Update: The relatable Lammily doll — an answer to the cookie-cutter beauty standards upheld by Barbie and Bratz dolls for generations — already came with "average" proportions and brown rather than blonde hair, as well as an extension pack of vinyl stickers representing acne, scars, cellulite, freckles, glasses, and even grass stains. Now, with the introduction of the $10 "Period Party" kit, Lammily is getting even more realistic. The kit features a calendar and dot stickers, a pair of doll-sized underwear, 18 reusable "pads and liners stickers," and an educational pamphlet. While we've never described our own periods as a "party," we're applauding this move to normalize and demystify menstruation for young women, especially when the biological process remains shrouded in stigma. "I don’t want to make this a whole political project or anything," Lammily's creator, Nickolay Lamm, told TIME, "but...[in] the overall culture...menstruation is very taboo, and not only taboo, but some people use it as an insult." Hopefully Lammily's newest accessories will help shift menstruation away from "insult" and a little closer to "normal part of life."
This story was originally published on November 19, 2014.
We've established that Barbie's proportions are so cartoonish as to be impossible if she were human: With her top-heavy weight distribution, she'd have to walk on all fours, while her midsection is only large enough to allow for half a liver. (No alcohol for you, young lady.) Now, 55 years after Mattel first unleashed Barbie on the world, she is still number-one in the doll market, but her crown is slipping. The Lammily doll has entered the scene — and injected it with an unprecedented dose of relatability.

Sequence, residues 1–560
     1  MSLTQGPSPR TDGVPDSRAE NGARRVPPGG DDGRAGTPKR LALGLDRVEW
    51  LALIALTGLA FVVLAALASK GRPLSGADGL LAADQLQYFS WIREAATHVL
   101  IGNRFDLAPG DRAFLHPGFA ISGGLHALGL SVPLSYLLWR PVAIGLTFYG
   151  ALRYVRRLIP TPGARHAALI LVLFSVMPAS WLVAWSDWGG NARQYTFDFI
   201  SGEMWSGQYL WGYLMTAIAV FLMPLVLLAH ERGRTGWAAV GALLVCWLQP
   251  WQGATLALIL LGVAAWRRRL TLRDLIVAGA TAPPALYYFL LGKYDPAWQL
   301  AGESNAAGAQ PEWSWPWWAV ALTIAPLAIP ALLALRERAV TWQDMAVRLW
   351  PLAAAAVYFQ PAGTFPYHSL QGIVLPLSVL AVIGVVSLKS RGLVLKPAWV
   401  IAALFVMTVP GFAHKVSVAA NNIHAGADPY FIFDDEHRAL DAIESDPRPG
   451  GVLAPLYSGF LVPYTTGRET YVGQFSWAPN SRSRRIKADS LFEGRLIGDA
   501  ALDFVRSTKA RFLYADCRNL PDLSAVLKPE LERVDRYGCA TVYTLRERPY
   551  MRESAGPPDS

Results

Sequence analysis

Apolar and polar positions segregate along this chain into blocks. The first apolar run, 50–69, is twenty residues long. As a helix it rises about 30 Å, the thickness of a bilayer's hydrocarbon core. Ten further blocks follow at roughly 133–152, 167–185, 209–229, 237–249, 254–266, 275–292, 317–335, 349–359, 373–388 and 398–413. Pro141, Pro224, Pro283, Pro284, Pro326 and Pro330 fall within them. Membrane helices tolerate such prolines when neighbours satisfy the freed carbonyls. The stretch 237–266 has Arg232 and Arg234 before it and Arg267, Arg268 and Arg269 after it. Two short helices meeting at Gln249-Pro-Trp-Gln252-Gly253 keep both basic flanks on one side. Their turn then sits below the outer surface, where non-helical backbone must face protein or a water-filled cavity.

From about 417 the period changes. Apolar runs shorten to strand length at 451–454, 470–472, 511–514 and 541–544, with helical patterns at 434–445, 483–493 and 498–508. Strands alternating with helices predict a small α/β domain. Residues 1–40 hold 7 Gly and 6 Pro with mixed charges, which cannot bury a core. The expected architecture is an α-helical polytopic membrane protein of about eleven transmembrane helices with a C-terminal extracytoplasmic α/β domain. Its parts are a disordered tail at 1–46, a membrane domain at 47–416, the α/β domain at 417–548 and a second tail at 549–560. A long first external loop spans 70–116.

The doll, created by artist and researcher Nickolay Lamm, is a game-changing Barbie alternative designed with the proportions of an average 19-year-old woman and (gasp) brown hair. What's more, Lammily owners can adorn their dolls with vinyl stickers that depict freckles, acne, glasses, scars, grass stains, and cellulite. You know, like what real people sometimes have on their bodies (in the case of cellulite, that's 90% of women at some point in their lives).
Lammily is the latest, and most ambitious, member of the growing collection of dolls that are inspirational rather than aspirational — which encourage girls not to be like the dolls, but to be who they are, with confidence. We're all about it (and look forward to greater racial diversity in the doll world, too — got anything in the works, Lammily?). Watch the above video to witness Lammily morph from her beautifully average self into a classic Barbie. Have fun with that half a liver, doll.